Church Of England Accused Of 'Dishonesty' In Prayer Survey Findings

Atheists have accused the Church of England of "spinning" the results of research that claimed ‘four out of five believe in the power of prayer’ and that young people especially believe in it.

Professor Richard Dawkins and the British Humanist Association has criticised the Church for "seeking to mislead the public", and the story has angered many on social media.

The BHA claim that the ICM survey released on Tuesday never asked respondents whether they "believe in the power of prayer" but instead asked people what they would pray for, regardless of whether they believe prayer could change anything.

The exact wording of the question was: ‘Irrespective of whether you currently pray or not, if you were to pray for something at the moment, what would it be for?’

The Church of England said 81% of respondents named specific things that they would choose to pray for, such as world peace, relationship problems or problems at work if they were to believe in the power of prayer.

The BHA said the results of the survey did not prove that four out of five people believe in the power of prayer, or that God would help them through their troubles.

Andrew Copson, Chief Executive of the BHA, said: "If you asked someone 'Irrespective of whether you make wishes of genies, what would you wish for?' or 'Irrespective of whether you believe in Father Christmas, what would you ask him for?' you could hardly use the responses to demonstrate wide public belief in genies or Santa Claus.

"Yet this is exactly what the Church of England is doing with prayer. It is amusing until you remember that this is an immensely powerful institution with a highly privileged position in public life, control of almost a third of our state schools and seats in our parliament.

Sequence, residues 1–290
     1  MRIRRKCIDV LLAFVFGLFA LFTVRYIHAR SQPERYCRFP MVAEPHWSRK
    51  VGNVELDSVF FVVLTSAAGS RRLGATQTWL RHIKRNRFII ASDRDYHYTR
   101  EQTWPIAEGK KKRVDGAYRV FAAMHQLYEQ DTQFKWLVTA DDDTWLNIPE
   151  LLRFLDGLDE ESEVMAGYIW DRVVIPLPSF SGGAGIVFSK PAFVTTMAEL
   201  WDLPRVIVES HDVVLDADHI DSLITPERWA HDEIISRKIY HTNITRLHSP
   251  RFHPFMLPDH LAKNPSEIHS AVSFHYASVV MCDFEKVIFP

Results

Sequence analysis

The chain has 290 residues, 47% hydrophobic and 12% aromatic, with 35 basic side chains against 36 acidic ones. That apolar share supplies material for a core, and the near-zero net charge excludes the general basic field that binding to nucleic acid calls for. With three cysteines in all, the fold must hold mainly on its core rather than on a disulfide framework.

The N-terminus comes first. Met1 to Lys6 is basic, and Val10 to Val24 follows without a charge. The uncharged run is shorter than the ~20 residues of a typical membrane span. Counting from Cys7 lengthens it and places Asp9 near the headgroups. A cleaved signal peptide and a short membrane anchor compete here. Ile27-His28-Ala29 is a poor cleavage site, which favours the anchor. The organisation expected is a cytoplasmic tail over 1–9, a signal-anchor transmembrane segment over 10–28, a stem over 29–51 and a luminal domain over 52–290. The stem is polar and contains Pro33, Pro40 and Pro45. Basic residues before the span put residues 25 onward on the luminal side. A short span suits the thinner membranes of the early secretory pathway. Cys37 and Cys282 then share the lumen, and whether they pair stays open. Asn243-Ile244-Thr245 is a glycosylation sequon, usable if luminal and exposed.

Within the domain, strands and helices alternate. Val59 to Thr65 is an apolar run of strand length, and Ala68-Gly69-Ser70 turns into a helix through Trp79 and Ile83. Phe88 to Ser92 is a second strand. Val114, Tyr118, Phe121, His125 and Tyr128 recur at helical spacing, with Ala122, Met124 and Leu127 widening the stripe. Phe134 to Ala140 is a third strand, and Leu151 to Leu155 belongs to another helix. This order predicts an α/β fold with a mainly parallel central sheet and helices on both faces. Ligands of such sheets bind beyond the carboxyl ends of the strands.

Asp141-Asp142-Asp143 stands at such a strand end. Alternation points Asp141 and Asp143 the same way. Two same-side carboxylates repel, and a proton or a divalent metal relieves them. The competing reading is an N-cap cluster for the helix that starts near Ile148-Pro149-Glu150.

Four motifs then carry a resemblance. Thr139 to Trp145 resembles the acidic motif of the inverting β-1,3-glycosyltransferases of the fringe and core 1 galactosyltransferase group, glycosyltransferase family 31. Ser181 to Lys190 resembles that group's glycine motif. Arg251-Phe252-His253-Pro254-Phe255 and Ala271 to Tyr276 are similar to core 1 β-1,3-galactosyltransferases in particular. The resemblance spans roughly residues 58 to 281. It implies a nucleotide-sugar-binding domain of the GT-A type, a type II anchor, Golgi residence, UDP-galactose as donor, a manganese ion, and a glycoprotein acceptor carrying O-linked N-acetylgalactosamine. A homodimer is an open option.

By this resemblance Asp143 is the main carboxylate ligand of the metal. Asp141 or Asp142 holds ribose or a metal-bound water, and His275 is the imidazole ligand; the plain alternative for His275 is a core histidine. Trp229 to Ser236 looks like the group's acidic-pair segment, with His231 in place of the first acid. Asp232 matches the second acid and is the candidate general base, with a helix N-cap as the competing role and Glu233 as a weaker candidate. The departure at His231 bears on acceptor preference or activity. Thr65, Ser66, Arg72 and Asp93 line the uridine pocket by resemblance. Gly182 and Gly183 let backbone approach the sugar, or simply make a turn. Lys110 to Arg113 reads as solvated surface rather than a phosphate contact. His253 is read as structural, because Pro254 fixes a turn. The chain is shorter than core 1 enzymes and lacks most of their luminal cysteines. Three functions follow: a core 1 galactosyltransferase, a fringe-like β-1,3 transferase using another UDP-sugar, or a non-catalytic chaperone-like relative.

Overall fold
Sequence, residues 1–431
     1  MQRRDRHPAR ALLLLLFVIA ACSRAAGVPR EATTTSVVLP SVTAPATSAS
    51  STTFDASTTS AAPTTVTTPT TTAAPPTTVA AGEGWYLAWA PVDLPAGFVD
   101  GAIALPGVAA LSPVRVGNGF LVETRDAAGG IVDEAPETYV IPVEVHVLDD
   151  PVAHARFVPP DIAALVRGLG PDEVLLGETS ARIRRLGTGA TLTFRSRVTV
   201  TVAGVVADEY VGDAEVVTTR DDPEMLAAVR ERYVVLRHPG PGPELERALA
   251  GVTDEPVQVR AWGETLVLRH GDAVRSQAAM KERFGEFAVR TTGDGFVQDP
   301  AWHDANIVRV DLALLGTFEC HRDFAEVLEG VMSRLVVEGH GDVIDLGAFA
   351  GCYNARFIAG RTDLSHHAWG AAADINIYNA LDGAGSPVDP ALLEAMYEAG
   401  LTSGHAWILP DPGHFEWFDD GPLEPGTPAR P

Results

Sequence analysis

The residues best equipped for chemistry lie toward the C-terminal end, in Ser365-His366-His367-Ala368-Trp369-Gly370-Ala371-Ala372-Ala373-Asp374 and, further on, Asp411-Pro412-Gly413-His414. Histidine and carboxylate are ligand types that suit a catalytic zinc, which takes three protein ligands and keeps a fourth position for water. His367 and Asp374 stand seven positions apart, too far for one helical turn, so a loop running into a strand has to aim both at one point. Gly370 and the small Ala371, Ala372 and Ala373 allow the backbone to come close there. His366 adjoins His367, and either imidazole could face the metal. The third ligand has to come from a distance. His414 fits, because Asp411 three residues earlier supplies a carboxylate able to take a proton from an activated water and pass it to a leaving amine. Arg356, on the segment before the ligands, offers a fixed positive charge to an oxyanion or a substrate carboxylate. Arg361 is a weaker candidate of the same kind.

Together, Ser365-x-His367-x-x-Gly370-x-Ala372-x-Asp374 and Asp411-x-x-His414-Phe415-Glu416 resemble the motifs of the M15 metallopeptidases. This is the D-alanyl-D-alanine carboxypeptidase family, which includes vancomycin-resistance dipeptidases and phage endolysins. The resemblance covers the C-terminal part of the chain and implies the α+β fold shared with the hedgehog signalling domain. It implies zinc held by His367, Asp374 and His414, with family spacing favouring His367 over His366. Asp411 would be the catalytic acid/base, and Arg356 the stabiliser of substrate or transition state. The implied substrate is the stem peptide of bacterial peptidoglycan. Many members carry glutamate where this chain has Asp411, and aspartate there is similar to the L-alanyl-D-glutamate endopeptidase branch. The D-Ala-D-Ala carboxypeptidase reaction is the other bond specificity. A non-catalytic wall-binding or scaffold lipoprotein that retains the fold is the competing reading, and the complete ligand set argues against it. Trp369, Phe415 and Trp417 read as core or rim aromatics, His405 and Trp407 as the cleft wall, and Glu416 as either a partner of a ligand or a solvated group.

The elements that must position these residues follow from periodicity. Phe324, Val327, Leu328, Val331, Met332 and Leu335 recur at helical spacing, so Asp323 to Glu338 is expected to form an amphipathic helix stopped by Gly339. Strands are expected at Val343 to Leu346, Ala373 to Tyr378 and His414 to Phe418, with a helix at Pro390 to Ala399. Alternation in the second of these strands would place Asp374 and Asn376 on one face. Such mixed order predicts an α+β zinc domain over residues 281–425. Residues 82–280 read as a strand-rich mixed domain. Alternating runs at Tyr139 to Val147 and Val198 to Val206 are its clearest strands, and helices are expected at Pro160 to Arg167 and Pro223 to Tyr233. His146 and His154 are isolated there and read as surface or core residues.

"A desperate attempt to have an Easter good news story through misleading claims conceals the reality of the religious demography of our country - religious practice, identity, belonging and belief are all in long-term decline, now at the level of minority pursuits - and non-religious identities and beliefs are on the rise."

But according to the survey only 14% of participants said they would never pray and 5% said they would not know what to pray for.

The Bishop of St Albans, the right reverend Dr Alan Smith, said in response to the survey the desire to pray is "one of the most natural and instinctive of human responses, so I am not surprised to see these findings. I come across people on an almost daily basis who want to talk about prayer and how to do it.

"There has also been a desire to pray for troubled spots in the world, not least when we see the appalling photos from Syria on the television."

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